Data is, as we so often hear, one of the most valuable assets for businesses. But while senior staff are often confident about the quality of their organisation’s data, data trust among employees working directly with such assets is nowhere near as strong.

In research published today by Talend, there is a significant perception gap between senior management and operational workers when it comes to data.

Senior IT managers generally have relatively high levels of data trust, with 45% expressing confidence that their organisation’s data was entirely accurate and up to date.

However, when it comes to operational data workers – those who deal with organisations’ data on a day to day basis – data trust is far lower, with only 19% sharing the same view.

There is a similar gap when it comes to other aspects of data handling. For example, while 50% of managers believe workers have all the tools they need to efficiently monitor data, just 37% of operational data workers agree.

Data trust in the GDPR era

This lack of confidence in the reliability of enterprise data also has implications for GDPR, particularly in light of the severe fines that the ICO has now begun to levy against those in breach of the regulation.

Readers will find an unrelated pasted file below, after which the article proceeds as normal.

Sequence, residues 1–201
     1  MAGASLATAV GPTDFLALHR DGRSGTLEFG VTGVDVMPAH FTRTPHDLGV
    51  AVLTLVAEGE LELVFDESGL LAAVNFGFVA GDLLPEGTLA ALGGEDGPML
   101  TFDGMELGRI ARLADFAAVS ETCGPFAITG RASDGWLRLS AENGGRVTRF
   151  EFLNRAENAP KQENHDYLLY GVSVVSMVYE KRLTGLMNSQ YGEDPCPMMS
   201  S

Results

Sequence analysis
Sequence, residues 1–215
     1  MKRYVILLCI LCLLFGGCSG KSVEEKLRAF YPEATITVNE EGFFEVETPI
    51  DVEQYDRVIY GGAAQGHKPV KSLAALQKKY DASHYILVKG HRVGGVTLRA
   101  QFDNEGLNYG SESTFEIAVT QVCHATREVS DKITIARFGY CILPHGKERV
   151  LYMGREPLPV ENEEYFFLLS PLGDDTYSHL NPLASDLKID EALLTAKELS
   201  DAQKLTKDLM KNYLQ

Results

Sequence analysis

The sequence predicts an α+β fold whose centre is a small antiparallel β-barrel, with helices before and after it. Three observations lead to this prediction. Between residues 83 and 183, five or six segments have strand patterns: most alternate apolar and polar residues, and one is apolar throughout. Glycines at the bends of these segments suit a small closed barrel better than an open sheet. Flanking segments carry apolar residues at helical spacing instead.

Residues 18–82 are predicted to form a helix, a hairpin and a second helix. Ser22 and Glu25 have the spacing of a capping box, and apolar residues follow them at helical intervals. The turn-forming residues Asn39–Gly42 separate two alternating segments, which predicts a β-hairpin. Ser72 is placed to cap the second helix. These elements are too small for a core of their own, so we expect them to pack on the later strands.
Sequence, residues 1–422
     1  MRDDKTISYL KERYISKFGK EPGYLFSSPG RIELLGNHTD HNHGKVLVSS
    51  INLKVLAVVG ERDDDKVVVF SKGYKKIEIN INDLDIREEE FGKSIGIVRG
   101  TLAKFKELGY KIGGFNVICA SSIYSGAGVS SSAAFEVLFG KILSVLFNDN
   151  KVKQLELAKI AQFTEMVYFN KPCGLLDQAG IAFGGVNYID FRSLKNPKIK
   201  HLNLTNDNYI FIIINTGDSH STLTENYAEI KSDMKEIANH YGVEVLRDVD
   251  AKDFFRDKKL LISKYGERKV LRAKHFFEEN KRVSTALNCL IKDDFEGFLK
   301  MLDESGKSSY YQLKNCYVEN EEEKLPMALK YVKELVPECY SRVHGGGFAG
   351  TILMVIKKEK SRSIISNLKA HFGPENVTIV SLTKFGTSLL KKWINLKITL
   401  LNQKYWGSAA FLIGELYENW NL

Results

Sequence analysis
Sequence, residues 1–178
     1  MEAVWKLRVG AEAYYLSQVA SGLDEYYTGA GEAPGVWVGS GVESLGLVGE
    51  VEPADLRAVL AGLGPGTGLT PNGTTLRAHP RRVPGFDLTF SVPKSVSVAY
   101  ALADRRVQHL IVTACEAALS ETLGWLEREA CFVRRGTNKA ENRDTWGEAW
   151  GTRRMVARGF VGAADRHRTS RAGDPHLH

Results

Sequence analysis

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By GlobalData

This is particularly highlighted in a dramatic perception gap over data sources. While knowing the source of all data handled by an organisation is an important element of GDPR compliance, many workers are unconvinced that this is happening.

Specifically, when it comes to organisations using data that is not purely siloed within their organisation, only 42% of IT managers were confident that all sources were known. But when it came to operational data workers, the rate was far worse, at just 4%.

For organisations looking to ensure they are effectively handling their data, then, there needs to be more done to ensure data trust among workers is improved.

“A broad crisis of confidence is underway in most companies,” wrote Talend in its Data Trust Readiness Report.

“Organisations need to create a strategy for building trust and providing transparency, and they need to do this through data and the way it is managed.”

Read more: The data blind phenomenon: How an overload of data is damaging marketing